© 2022 St. Louis Public Radio
Play Live Radio
Next Up:
Available On Air Stations

Auditor sues governor over his 'withholds' from state budget

This article first appeared in the St. Louis Beacon, Aug. 26, 2011 - Missouri state Auditor Tom Schweich appears to have set a precedent with a lawsuit filed today that challenges a governor's right to withhold money from state budgets.

Schweich's suit against Gov. Jay Nixon accuses him of violating the state constitution "when he withheld more than $170 million from state agencies, programs and educational institutions prior to the start of the current fiscal year."

Schweich also contended that Nixon's withholdings "violate the separation of powers, and that they are arbitrary and capricious."

The lawsuit, filed in Cole County Circuit Court, appears to be the first time that a state auditor has gone to court to challenge the longstanding practice of Missouri governors to withhold money from state budgets.

Nixon's staff replied that he has acted within the constitution and his powers.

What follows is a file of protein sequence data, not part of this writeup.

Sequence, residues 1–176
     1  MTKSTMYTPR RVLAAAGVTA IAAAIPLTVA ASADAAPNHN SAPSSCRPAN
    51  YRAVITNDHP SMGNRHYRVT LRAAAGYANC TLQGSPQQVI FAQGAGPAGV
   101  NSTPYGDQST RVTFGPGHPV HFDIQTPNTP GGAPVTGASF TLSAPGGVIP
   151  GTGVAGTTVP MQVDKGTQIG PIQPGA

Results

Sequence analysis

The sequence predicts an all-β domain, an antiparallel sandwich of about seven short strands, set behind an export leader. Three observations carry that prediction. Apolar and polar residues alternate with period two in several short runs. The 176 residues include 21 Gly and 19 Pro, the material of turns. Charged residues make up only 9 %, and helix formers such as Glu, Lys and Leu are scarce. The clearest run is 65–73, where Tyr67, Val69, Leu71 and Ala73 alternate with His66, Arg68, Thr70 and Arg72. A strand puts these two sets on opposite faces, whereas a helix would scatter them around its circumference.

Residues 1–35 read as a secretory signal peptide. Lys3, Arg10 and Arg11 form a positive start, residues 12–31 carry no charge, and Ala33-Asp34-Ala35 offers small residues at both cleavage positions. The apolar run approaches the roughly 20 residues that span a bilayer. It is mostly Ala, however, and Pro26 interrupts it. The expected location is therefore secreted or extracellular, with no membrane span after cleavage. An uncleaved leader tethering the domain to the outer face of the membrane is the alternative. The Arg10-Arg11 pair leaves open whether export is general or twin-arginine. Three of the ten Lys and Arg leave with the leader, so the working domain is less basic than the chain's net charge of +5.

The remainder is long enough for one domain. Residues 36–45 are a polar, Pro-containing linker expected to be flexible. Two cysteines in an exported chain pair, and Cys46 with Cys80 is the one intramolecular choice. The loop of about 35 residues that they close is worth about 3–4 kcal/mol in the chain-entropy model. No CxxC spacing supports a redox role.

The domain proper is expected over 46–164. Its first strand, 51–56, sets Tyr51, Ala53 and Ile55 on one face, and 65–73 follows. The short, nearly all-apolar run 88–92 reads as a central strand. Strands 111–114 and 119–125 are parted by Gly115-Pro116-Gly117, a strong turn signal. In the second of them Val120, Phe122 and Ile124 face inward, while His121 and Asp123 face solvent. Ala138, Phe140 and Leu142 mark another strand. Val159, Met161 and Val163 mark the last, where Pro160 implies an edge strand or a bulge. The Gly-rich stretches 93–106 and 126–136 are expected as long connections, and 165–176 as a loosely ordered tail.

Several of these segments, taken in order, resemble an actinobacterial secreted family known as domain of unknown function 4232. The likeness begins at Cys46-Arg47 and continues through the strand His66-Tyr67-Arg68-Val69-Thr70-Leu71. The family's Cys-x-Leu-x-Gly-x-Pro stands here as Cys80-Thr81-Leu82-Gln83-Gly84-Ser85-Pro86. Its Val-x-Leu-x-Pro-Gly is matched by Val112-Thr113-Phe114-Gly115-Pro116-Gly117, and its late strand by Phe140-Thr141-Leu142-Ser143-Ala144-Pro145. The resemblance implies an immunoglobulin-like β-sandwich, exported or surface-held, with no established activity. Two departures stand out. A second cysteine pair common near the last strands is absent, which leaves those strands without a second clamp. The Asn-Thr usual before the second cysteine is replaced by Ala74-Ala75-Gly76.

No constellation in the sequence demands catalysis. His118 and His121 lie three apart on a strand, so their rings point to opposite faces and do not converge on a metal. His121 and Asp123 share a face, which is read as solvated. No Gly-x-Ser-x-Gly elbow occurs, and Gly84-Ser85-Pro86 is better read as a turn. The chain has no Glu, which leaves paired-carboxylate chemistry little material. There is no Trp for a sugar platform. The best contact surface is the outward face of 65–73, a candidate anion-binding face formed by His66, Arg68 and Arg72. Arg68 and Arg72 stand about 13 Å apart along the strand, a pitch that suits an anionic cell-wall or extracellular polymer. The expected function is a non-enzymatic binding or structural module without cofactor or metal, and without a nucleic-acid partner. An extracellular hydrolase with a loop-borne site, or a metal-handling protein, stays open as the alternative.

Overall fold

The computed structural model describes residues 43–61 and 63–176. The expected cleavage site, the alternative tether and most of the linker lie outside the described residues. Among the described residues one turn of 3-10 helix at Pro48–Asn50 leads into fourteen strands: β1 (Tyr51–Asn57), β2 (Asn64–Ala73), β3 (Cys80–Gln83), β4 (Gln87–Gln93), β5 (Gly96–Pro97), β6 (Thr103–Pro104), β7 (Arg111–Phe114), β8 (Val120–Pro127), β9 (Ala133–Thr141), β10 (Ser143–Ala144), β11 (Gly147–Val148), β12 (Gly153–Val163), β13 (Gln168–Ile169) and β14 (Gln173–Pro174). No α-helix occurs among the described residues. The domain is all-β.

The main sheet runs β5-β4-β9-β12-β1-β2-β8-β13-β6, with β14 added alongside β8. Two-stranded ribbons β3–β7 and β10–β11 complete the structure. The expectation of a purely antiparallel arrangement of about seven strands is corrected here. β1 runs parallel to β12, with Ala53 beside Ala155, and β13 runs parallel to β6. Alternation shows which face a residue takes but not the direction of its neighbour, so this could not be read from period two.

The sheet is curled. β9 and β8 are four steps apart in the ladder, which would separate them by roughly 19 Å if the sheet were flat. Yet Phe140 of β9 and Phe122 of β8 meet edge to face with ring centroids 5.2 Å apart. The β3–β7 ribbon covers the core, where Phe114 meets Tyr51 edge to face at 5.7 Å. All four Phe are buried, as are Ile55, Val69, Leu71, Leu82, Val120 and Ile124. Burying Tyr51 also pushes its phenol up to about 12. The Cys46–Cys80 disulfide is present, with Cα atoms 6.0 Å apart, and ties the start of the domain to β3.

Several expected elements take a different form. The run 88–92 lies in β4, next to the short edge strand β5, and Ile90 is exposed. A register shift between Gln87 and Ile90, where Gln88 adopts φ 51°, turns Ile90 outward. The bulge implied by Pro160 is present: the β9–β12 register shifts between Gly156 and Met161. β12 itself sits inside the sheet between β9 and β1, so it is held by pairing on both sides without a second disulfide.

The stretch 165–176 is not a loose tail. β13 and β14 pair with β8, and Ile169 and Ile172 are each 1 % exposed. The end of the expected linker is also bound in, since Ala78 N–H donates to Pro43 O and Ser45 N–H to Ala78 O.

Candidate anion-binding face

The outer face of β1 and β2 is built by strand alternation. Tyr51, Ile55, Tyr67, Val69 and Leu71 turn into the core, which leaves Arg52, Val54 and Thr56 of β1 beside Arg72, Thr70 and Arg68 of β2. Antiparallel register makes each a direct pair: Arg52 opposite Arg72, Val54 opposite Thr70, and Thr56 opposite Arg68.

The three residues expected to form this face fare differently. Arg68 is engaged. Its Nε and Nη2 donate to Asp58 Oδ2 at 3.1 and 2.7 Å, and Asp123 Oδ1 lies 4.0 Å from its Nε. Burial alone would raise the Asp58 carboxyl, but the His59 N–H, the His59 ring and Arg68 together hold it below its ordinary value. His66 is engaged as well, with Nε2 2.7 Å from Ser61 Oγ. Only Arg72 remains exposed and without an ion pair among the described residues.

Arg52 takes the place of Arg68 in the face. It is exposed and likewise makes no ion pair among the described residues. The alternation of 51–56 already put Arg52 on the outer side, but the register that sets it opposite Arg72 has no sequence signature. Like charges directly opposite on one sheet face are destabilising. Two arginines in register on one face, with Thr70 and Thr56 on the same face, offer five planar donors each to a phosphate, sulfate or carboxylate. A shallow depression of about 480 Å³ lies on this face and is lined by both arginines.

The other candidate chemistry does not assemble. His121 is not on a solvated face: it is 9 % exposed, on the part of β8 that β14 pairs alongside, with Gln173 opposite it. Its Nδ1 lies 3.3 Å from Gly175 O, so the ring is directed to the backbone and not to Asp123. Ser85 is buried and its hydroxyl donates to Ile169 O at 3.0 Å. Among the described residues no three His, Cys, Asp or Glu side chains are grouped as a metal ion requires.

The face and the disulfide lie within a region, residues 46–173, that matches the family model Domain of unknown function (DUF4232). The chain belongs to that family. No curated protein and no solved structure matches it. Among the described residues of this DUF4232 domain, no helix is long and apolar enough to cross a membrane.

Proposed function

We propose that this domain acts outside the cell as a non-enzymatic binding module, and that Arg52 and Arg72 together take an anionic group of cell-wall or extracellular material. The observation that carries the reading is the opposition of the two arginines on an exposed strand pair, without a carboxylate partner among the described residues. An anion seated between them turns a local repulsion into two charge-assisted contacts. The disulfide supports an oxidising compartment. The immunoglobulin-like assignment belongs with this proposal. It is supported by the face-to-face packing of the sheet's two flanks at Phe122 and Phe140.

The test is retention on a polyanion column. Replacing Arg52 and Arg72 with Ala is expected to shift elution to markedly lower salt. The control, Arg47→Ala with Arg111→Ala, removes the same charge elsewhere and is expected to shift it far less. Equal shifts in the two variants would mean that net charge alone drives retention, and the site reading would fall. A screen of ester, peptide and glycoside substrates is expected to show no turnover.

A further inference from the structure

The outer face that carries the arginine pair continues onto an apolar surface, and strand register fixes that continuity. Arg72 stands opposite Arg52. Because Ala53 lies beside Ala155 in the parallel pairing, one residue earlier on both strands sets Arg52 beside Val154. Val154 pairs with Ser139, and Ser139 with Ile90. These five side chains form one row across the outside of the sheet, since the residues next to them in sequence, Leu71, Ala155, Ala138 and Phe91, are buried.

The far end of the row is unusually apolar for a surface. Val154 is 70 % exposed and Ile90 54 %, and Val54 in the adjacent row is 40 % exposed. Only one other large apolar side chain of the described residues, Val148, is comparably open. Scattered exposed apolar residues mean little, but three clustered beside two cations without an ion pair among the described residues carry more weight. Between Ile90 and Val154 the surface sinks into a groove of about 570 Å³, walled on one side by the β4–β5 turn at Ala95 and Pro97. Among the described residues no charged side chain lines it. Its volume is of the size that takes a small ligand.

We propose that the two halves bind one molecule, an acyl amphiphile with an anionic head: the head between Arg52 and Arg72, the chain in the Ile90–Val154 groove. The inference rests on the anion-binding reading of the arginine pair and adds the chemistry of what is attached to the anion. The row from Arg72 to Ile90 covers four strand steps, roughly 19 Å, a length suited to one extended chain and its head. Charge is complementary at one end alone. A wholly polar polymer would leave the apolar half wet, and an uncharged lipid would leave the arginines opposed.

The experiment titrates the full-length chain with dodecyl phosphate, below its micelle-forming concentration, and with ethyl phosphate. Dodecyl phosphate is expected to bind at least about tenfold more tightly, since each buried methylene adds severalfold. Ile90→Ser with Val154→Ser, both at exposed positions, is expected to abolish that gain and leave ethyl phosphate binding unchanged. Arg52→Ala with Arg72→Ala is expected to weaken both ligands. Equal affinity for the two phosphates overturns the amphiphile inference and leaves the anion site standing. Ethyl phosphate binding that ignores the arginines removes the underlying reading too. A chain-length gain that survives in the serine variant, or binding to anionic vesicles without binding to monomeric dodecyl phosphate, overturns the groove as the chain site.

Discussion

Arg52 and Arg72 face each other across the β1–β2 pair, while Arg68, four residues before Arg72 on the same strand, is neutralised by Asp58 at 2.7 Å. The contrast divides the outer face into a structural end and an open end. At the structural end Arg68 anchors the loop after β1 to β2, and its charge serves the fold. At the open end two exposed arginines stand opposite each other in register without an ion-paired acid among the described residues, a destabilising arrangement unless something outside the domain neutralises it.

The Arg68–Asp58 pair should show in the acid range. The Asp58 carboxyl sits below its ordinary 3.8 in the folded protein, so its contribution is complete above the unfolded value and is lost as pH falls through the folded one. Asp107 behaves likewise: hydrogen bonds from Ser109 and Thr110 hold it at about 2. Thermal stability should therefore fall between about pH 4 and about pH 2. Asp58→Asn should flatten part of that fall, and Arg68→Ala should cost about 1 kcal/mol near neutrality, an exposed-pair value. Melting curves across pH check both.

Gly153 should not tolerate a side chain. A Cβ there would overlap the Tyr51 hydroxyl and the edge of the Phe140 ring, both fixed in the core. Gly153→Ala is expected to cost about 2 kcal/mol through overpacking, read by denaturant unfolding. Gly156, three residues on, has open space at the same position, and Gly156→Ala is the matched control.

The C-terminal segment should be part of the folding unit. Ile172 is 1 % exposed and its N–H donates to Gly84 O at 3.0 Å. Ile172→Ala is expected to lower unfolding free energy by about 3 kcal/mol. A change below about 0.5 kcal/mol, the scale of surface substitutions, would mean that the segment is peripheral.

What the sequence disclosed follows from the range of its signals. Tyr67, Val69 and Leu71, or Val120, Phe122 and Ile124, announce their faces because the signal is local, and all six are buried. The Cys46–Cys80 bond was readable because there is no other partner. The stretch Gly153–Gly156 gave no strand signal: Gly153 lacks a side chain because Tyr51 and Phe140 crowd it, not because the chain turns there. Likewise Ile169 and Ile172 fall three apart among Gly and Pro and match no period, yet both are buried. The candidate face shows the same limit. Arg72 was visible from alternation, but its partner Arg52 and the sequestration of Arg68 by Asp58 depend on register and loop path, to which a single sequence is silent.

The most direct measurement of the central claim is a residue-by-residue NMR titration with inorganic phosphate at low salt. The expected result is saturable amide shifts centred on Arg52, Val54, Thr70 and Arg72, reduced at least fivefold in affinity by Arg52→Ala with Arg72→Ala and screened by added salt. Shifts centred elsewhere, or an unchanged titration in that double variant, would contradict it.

"Withholdings" are different from budget cuts, which Missouri governors can do under their line-item veto powers. Governors generally have withheld money early in the fiscal years, which begin July 1, and then released some or all -- or none -- if it appears that the state will collect enough income to restore the appropriated spending.

Governors have done so because of the state constitution's requirement that the state end its fiscal year with a balanced budget.

Schweich and his staff contend that Nixon veered from the traditional practice by A) withholding the money in June, before the fiscal year began; and B) reallocating part of the withheld money for disaster relief at Joplin, Mo., which was hit with a devastating and deadly tornado May 22.

Schweich first raised the issue in a letter to Nixon last week. The governor's staff replied that Nixon's actions were within his constitutional powers. Nixon's office took the same approach in responding to the suit.